February is recognized as Black History Month in the United States.
No state in the Union can boast an African-American history more rich and influential than the state of Georgia.
For the past few years, Secretary of State Brian Kemp has highlighted the legacy of African-American figures who have shaped both state and national history.
Among those who have been spotlighted for their contributions to society are Dr. Martin Luther King, Jr., Senator LeRoy Johnson, Bishop Henry McNeal Turner, Representative Richard A. Dent, Lucy Craft Laney and many more.
One of the state’s means of recognizing Black History Month has been to ask leaders who their influences in life have been.
Roberta Abdul-Salaam mentioned several influential African-American leaders including Earl T. Shinhoster, saying his example encouraged her to run for the House of Representatives.
However, her most poignant words were written to youths that she hoped would carry on that legacy. She said, “You are never too young to serve. Get involved now. Do the things that you can do. Find good mentors. Always remember that your circumstances (no matter what they are) do not define who you are. Learn to follow and don’t be afraid to lead” (sos.georgia.gov/black_history/survey.htm).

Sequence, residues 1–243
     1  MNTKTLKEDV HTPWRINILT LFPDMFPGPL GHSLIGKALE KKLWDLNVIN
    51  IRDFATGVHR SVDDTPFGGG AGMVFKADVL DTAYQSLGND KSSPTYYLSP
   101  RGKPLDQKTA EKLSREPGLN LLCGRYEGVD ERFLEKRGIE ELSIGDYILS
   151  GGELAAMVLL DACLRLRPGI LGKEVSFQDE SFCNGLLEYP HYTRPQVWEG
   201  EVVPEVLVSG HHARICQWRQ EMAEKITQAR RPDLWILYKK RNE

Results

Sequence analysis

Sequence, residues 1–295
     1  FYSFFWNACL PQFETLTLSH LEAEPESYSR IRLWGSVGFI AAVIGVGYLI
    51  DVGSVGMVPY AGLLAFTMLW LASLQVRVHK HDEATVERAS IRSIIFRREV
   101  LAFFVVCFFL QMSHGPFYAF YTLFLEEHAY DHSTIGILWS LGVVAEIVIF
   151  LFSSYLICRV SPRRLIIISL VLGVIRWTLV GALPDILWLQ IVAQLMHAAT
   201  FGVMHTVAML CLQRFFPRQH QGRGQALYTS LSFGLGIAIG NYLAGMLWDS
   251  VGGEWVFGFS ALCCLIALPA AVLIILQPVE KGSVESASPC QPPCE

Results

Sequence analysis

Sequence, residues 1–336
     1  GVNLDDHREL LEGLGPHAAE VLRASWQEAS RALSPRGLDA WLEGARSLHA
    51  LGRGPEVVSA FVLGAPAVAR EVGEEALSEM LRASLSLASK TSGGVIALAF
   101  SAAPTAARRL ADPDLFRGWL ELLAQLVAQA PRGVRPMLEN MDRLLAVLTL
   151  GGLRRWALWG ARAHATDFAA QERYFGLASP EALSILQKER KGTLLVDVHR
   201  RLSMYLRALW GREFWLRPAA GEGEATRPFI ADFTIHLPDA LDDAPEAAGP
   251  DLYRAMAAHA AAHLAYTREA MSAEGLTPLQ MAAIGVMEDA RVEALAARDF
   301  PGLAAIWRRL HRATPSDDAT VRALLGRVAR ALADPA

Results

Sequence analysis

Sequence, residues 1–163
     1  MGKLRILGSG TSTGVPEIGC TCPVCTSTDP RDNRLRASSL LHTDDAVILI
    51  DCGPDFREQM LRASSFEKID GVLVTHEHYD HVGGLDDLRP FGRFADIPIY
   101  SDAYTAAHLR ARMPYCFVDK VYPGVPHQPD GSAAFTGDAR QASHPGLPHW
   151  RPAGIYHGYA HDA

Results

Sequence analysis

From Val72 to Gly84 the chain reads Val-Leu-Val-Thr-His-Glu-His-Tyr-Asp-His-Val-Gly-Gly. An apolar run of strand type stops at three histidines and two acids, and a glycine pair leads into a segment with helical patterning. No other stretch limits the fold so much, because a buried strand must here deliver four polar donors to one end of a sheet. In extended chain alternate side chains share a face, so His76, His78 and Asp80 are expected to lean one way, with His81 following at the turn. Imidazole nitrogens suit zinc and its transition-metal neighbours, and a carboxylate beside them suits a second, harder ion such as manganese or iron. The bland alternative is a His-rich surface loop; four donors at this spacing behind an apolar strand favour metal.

For obvious reasons, we especially like the words of former Representative Douglas Cox Dean, who said, “I started at an early age working for a newspaper (The Atlanta Inquirer) and my experience varied from circulation to production of the newspaper. Then I began to work in several black and white campaigns for public office. My mother gave me the best life-learning experience of public service. She worked in churches and in the community her whole life and when I look back, this is what really inspired me to get involved.”
He added, “My advice to young people is to work hard and learn what public service is all about. They should volunteer in someone’s campaign and make a commitment to make a difference in someone’s life, the community, and the world. They should also learn patience and tolerance and understand that public service requires a commitment to mankind.” (sos.georgia.gov/black_history/survey.htm).
This month-long recognition is the perfect opportunity to not only celebrate a rich history and important legacies, but to reinforce the values of faith community service and volunteerism that have being a vital part of the tapestry of Black History throughout our state and our nation.
— Editor Jim Zachary